Going down to Amish Country, Indiana, this week I expected to see American Standardbred horses pulling buggies on the roads competing in traffic with cars and tour buses. I expected to see well-kept houses with vegetable gardens, laundry hanging out on lines and Draft horses working in the fields. I expected we’d be served lunch by Mennonite woman wearing long, plain dresses in pastel colors and to see Old Order Amish women in their black garb and covered heads shopping in stores and riding bicycles. And I saw all those things, but what I didn’t expect to see was an Amish camel dairy farm.
When our 50 passenger tour bus pulled into Dallas Bender’s driveway we were greeted by his ‘yard camel,’ a gentle giant of an animal who at first glance looked like a statue standing not 200 feet from a busy road without a fence or tether to keep her confined. The first question I asked Dallas was, “What keeps her from going on down the road?” Without missing a beat he grinned and replied, “Common sense.” After we all quit laughing he added, “She’s going to have a baby in a day or two and she’s not going anywhere. I keep her close by so I can be on hand when she gives birth.” Dallas is 34 years old, movie star cute with a quick wit and a playful personality that I did not expect from an Amish guy. I was charmed right from the moment he and his young son stepped on our bus to give us the Cliff Notes version of raising camels. He was originally from Iowa, moved to Indiana to marry his wife and when he told his parents and friends he was going to raise camels, they all tried to talk him out of it and that made "the rebel in him" want to do it all the more. That was seven or eight years ago and now he has 20 camels, both one humps from Africa and the Middle East and two humps from Central Asia. The milk is sold to a broker in California who resells it for $26 a pint. It’s used in homeopathic medicines and is said to be good for autoimmune disorders. This camel diary farm is one of only seven in the USA.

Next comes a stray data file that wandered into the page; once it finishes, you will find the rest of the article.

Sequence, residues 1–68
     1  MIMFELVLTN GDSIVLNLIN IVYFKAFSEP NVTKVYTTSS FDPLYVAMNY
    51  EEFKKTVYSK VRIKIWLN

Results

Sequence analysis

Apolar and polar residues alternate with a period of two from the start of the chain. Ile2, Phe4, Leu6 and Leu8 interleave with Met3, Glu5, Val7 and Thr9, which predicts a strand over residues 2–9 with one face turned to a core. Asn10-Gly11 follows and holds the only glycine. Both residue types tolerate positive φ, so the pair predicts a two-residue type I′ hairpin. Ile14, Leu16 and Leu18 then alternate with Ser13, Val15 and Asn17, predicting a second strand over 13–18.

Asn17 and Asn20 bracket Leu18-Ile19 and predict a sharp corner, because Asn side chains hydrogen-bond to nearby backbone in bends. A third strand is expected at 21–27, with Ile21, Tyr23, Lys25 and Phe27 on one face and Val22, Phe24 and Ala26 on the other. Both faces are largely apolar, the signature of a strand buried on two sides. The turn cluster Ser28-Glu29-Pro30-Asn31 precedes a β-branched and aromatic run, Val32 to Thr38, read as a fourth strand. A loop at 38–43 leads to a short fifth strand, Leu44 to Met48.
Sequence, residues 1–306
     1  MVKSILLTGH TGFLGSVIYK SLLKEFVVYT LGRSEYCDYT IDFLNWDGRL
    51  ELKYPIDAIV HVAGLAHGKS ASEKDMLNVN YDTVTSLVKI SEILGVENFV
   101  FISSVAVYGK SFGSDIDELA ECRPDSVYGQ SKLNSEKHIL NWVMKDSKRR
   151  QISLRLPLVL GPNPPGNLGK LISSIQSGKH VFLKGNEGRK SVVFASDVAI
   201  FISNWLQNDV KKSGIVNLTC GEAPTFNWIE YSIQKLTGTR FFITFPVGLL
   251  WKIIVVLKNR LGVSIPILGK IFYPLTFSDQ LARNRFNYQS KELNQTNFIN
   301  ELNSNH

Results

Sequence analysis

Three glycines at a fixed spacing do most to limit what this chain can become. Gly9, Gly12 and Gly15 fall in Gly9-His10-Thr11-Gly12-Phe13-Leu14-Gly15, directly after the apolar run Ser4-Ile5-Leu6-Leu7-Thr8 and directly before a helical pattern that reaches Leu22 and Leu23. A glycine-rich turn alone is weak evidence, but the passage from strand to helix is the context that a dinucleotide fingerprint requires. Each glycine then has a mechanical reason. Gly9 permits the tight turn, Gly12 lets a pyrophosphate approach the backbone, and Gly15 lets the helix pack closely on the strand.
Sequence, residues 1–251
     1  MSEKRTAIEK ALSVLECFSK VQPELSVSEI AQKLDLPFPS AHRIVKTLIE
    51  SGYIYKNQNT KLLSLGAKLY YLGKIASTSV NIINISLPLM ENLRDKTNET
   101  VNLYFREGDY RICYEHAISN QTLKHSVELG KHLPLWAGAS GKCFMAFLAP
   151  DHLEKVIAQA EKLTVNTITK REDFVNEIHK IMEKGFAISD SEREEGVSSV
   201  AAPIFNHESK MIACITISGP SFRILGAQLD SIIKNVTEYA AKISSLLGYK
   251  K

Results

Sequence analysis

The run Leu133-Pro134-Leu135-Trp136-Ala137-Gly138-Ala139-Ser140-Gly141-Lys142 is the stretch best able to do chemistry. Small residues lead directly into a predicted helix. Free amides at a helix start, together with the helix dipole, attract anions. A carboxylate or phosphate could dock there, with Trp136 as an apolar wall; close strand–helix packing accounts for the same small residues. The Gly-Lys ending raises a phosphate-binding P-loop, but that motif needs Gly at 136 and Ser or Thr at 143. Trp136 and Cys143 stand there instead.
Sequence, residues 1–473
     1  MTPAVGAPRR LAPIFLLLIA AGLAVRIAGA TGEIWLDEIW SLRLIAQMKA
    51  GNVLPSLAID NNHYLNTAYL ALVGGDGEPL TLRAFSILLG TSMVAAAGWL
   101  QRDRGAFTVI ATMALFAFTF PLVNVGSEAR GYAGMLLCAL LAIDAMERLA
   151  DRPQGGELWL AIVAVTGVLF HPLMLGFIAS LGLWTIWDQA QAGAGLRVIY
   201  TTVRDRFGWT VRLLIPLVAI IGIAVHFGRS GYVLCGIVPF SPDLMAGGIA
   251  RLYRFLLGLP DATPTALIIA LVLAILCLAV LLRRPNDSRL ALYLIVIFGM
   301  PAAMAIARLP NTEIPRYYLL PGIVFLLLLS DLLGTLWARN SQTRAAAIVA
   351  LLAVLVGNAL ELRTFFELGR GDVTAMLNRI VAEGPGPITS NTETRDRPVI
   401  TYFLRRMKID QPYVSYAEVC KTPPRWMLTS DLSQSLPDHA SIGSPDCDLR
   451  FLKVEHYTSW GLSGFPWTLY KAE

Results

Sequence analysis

Growing up, our summer cottage was near a large diary farm that we kids used to visit from time to time so I was fascinated with the differences between diary cows and dairy camels. Camels are milked twice a day and produce six gallons each time but unlike dairy cows, camels won’t produce milk if you take their babies away. So the camel dairy farmer and babies share the milk for as long as they nurse which averages 12 to 18 months. Camels get statue-still and teary-eyed when the milk is ready to drop (after the baby has nuzzled their mom to primp the pump, so to speak) and the farmer then has 90 seconds to work the four teats as fast as he can. After that it takes another ten minutes before a second batch of milk is ready to drop down and at that point he lets the babies nurse. Dallas said camels get a bad rap about spitting. It’s their only defense mechanism, he said, but if you treat them well they are very sweet, affectionate and well-behaved. They are also intelligent and adapt well to cold climates. Camels cost around $1,200 each but he paid $1,700 for a white one. Mrs. Bender makes hand cream and soap from camel milk and many of us bought some. It’s the best hand cream I’ve ever tried! My hands and elbows have never been so soft and it doesn’t seem to wash off when you wash your hands. The ingredient list is short and sweet: camel milk, coconut oil, E-wax, water, optiphen and floral oil.